REVIEW: 30 showcases Adele at her best

Tissues at the ready everyone, Adele has turned 30.

Well, she’s actually 33, but started working on her latest record, 30, in 2018, hence the title. It is her fourth studio album, and continues the trend of her records referencing her age, following 19, 21 and 25

30 is a carefully-curated story of Adele’s life since her divorce. Once it’s over, you understand her request to streaming platforms to remove the option of shuffling her album. From start to finish, you feel everything Adele wants you to feel. 

It is expertly produced, with Adele able to seamlessly blend her unthinkable vocal range with the rawness that is intrinsic to human emotion. 

Lyrically, she continues to tug at the heart strings. The sound and the feel of the album, however, is totally different, and is perhaps Adele’s most ambitious yet. And with that, it might just be her most impressive.  

A journey 

30 is shatteringly sad. Throughout the record, Adele navigates the complex emotions associated with her divorce, and the feeling that she is failing her son.  

Immediately, we are presented with the idea that she is not over her divorce. In the record’s second track and lead single, Easy On Me, Adele addresses her son about his parents’ separation: “Go easy on me, baby / I was still a child / Didn’t get the chance to / Feel the world around me.

In fact, the whole album is meant for her son. Speaking to Vogue, she said: “I just felt like I wanted to explain to him, through this record, when he’s in his twenties or thirties, who I am and why I voluntarily chose to dismantle his entire life in the pursuit of my own happiness.”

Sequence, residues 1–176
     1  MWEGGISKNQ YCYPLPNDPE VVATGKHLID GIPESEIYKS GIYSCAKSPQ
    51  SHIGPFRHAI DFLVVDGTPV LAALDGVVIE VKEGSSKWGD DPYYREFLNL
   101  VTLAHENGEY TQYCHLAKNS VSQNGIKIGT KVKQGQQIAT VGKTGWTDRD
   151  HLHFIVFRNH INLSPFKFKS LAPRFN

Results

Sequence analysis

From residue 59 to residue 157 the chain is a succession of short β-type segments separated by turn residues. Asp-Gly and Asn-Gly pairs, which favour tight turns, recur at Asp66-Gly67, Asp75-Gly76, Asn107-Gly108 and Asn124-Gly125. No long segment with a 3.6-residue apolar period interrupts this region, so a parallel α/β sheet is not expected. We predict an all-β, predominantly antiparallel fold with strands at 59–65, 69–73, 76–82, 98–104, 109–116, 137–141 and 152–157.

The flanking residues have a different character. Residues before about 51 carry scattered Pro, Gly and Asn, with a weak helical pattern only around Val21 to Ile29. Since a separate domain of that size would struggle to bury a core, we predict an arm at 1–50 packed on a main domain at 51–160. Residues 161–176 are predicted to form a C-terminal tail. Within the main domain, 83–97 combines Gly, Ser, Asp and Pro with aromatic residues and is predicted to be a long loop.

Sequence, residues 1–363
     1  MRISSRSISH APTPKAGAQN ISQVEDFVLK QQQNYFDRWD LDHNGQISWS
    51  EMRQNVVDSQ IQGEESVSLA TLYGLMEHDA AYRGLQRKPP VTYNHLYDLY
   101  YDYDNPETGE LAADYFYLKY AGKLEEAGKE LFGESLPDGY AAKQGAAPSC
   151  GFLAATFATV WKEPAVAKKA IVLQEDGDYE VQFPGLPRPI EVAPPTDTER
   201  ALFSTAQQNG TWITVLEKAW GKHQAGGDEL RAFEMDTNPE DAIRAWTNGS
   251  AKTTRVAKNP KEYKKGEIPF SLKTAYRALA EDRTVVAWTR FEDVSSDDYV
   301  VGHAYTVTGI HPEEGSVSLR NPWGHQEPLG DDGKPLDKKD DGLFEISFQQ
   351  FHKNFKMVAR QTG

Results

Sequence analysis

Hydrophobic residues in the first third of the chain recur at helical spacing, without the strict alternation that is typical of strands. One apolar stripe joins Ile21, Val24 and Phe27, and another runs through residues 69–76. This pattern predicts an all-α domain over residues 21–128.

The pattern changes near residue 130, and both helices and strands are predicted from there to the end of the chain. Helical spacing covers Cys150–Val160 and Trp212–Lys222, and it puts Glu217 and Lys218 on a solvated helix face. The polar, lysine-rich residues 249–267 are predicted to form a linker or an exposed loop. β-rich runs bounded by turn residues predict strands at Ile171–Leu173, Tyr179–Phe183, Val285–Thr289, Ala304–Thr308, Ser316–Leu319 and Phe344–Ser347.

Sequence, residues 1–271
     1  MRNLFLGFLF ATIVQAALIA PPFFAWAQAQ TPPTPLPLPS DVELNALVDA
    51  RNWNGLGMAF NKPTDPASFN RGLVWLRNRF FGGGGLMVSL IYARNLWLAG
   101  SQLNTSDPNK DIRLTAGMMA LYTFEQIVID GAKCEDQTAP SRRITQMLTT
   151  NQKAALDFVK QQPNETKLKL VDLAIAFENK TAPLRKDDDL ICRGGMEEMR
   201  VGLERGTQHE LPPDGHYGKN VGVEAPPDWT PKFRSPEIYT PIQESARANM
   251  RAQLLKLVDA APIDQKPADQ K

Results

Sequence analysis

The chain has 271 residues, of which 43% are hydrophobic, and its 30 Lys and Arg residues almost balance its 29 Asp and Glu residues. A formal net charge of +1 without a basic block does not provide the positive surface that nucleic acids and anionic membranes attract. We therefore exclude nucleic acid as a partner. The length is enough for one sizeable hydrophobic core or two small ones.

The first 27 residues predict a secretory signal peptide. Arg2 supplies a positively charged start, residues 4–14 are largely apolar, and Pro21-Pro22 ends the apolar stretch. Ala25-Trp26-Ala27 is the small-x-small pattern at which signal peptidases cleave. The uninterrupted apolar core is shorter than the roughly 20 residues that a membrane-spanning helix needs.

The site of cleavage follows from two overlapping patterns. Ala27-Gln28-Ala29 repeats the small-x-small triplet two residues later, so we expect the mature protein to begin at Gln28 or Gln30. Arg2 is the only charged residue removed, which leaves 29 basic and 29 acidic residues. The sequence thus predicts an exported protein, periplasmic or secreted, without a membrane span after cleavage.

In My Little Love, Adele takes us on a turbulent journey of anxiety and helplessness. “I’m having a bad day, I’m have a very anxious day…I feel very paranoid…very stressed,” she sobs in a spoken section. 

It is also during this track that you get a sense of how much she worries about the effect of her divorce on her son, as we are reminded in the chorus: “I’m holdin’ on (Barely) / Mama’s got a lot to learn (It’s heavy) I’m holdin’ on (Catch me) /  Mama’s got a lot to learn (Teach me).” 

By the end, however, there is a sense that Adele is starting to make sense of her feelings. In Cry Your Heart Out, she wisely asserts: “Cry your heart out / It’ll clean your face / when you’re in doubt / go at your own pace…no feeling is a waste.

New sounds 

Emotion is what Adele is able to communicate best. While it is perhaps the saddest record she has released, that offers little surprise. What is more surprising, however, is the sound of the album. 

If you were to remove her vocals – unthinkable, I know – the same sense of sadness probably wouldn’t be reflected in the instrumentation.

Blues, soul and jazz aren’t exactly new inspirations for Adele, but in 30, they feel more prominent. In All Night Parking, she samples the late jazz pianist Erroll Garner in what feels rather impressive for a mere interlude. 

The record’s opener, Strangers By Nature, is produced by Swedish composer Ludwig Göransson, most famous for sound-tracking multi-million dollar blockbusters such as Black Panther and Tenet. 

All of this amounts to Adele stepping out of her comfort zone. This can only be a good thing, especially after the valid criticism that this record’s predecessor, 25, offered more of the same. 

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